Changes in the structure and composition of 123 000 ha of boreal forests in Sweden, were analysed using historical records. These forests had not been commercially logged when the first forest surveys took place in the late 1800s, so the earliest surveys provide unique data on structure of the natural boreal forest. The pre-exploitation forests had many large-diameter living and standing dead trees ( Pinus sylvestris L. and Picea abies (L.) Karst.), and were dominated by stands > 200 years old. Commercial exploitation in the late 1800s, subsequent intensive forest management and fire protection have generated a forest landscape dominated by relatively young and dense stands, totally different from the pre-exploitation forests. Since the late 1800s, both the number of large trees and the volume of snags have been reduced by about 90%, and the area of old stands has diminished to < 1%. These fundamental changes have reduced the number of habitats for many red-listed species considerably. We conclude that the essential characteristics of the natural forest landscape have to be re-created in order to restore and maintain natural biodiversity.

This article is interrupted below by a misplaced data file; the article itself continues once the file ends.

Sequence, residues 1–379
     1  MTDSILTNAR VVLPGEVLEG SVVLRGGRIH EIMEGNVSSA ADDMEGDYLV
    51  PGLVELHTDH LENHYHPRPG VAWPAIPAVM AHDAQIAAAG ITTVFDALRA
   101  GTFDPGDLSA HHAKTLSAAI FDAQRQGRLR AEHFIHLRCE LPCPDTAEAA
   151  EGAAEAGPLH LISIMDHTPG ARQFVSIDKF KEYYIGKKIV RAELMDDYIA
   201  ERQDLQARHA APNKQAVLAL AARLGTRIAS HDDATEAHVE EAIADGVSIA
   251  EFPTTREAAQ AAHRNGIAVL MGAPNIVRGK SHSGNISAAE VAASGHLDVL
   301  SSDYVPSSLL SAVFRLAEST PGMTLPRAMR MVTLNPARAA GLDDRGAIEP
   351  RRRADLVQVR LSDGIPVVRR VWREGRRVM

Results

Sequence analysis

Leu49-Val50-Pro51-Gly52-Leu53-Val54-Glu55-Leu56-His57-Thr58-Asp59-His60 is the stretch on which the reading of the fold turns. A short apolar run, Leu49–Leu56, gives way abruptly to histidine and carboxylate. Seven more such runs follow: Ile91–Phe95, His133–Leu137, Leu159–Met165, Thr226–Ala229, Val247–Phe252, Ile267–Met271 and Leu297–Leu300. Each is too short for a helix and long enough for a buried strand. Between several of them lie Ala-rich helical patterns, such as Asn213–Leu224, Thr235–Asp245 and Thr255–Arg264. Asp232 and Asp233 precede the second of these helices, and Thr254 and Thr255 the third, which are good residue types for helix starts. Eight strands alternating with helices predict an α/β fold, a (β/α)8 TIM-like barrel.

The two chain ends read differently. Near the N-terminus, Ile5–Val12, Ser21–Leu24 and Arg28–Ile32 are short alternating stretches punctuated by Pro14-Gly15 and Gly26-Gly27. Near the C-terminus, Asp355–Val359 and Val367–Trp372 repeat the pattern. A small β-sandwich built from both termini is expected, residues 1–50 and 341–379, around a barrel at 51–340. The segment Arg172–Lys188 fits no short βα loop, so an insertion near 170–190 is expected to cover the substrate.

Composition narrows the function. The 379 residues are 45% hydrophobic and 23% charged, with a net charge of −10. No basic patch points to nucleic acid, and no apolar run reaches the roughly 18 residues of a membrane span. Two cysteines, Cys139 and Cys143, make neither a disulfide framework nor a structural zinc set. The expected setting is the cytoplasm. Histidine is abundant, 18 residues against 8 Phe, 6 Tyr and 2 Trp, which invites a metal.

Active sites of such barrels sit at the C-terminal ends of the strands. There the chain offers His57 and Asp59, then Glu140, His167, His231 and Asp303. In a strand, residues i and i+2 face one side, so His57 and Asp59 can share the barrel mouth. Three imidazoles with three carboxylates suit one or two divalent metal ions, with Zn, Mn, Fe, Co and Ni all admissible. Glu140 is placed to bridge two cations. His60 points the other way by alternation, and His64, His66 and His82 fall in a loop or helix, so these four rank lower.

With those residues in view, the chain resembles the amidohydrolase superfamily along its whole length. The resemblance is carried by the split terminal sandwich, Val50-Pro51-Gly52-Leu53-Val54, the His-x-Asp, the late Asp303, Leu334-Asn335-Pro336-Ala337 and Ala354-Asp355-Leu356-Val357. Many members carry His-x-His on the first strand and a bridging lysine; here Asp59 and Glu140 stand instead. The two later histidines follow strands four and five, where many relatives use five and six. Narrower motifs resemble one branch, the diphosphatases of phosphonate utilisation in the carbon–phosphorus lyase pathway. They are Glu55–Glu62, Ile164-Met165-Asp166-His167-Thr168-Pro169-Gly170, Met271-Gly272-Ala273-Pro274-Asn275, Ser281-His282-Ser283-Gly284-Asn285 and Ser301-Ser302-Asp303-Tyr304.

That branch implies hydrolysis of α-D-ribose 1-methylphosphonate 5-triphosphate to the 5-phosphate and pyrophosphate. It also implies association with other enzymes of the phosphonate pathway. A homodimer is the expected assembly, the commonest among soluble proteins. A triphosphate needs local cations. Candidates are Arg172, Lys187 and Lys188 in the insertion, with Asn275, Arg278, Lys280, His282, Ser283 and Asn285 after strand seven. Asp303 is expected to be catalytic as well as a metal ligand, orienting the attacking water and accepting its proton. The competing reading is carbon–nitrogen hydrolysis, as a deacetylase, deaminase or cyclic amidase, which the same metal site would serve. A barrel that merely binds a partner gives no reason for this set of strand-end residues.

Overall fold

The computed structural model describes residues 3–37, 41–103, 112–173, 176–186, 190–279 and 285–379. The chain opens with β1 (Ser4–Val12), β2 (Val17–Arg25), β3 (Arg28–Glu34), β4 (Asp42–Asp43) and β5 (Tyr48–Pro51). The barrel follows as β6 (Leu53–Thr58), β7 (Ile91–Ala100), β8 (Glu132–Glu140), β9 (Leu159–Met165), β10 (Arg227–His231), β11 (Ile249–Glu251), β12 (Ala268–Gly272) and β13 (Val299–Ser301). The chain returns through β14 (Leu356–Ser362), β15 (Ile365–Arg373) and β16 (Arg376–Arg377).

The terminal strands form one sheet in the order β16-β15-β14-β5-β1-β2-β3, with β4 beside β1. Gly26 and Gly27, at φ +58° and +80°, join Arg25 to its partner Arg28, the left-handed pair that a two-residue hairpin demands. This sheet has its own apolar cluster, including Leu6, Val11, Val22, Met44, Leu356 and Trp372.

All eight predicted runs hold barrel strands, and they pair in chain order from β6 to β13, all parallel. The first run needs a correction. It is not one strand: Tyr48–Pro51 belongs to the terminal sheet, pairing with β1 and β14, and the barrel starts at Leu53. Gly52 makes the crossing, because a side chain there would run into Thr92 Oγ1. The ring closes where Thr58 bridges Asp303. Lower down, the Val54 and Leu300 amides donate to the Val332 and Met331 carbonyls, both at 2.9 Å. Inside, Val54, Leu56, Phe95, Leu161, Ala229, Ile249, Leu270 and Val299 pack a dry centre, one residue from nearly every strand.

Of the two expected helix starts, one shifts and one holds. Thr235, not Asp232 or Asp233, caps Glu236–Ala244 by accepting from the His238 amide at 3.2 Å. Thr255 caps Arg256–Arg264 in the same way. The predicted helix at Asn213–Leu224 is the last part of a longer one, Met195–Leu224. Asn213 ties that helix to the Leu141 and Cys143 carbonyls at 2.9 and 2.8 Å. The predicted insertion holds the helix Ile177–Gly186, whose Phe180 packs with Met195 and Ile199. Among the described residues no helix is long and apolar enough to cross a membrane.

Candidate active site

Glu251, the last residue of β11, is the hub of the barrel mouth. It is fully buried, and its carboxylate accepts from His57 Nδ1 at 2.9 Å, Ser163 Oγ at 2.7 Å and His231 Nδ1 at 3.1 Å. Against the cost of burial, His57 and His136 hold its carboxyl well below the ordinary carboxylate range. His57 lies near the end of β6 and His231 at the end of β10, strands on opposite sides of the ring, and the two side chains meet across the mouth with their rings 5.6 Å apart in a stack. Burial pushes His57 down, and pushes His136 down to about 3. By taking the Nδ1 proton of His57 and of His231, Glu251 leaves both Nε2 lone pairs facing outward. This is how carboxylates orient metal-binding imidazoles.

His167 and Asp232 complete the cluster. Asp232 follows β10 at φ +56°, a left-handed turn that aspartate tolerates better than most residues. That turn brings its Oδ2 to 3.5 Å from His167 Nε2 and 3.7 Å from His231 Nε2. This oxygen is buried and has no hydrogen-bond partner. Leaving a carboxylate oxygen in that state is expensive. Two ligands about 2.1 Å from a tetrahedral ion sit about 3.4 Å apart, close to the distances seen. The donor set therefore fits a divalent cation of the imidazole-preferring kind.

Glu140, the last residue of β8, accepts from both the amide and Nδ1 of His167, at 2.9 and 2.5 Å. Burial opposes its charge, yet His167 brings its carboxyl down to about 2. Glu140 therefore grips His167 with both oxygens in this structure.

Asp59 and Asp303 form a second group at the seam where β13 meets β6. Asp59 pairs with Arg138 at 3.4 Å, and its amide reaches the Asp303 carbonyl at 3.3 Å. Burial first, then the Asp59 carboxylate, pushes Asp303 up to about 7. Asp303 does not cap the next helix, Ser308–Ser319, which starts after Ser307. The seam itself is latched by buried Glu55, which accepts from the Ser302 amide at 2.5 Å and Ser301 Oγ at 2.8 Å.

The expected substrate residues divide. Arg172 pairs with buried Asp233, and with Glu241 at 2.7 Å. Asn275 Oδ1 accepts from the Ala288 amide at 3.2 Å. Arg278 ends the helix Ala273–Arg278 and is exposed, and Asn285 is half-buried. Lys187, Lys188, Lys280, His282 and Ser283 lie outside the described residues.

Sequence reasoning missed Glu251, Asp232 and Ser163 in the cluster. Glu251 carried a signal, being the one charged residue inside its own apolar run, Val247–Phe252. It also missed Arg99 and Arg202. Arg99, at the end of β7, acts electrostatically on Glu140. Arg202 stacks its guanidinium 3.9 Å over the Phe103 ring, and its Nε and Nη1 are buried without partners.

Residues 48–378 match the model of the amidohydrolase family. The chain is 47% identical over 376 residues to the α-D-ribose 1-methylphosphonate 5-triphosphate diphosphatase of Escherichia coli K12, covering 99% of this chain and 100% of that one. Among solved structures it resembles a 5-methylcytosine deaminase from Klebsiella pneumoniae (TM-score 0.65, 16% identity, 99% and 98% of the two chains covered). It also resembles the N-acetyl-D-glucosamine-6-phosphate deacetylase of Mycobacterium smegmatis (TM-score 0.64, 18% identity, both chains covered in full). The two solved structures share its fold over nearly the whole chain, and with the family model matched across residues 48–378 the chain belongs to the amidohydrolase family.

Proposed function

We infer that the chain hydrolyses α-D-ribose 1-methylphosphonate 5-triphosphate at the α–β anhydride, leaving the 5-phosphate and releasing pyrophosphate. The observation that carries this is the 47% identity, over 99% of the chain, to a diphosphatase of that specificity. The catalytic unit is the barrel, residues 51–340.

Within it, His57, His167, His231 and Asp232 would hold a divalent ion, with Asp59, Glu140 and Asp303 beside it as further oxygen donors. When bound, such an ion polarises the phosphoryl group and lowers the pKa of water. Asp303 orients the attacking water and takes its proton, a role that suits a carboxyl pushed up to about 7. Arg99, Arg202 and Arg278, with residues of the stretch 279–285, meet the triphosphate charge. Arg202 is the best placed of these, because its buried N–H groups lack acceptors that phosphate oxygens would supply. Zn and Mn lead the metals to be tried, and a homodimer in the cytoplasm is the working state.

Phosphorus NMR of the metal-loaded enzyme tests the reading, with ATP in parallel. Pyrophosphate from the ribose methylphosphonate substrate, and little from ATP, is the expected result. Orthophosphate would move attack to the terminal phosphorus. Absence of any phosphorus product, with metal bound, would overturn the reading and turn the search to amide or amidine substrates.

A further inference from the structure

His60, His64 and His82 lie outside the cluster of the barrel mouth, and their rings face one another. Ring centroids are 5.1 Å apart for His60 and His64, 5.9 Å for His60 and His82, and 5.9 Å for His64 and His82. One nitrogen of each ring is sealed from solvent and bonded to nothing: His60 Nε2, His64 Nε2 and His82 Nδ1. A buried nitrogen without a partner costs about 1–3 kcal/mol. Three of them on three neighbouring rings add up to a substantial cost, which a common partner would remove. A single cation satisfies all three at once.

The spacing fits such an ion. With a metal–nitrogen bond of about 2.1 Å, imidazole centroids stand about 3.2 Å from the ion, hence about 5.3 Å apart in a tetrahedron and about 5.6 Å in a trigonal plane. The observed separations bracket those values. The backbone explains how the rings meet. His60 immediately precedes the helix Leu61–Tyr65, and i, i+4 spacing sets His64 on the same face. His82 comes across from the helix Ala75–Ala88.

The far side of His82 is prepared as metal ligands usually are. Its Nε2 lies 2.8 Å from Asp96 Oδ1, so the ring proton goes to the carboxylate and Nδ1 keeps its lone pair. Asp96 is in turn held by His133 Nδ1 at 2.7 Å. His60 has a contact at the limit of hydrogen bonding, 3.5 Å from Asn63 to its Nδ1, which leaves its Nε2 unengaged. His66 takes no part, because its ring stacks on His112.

Biological Conservation – Elsevier
Published: Jul 1, 1998
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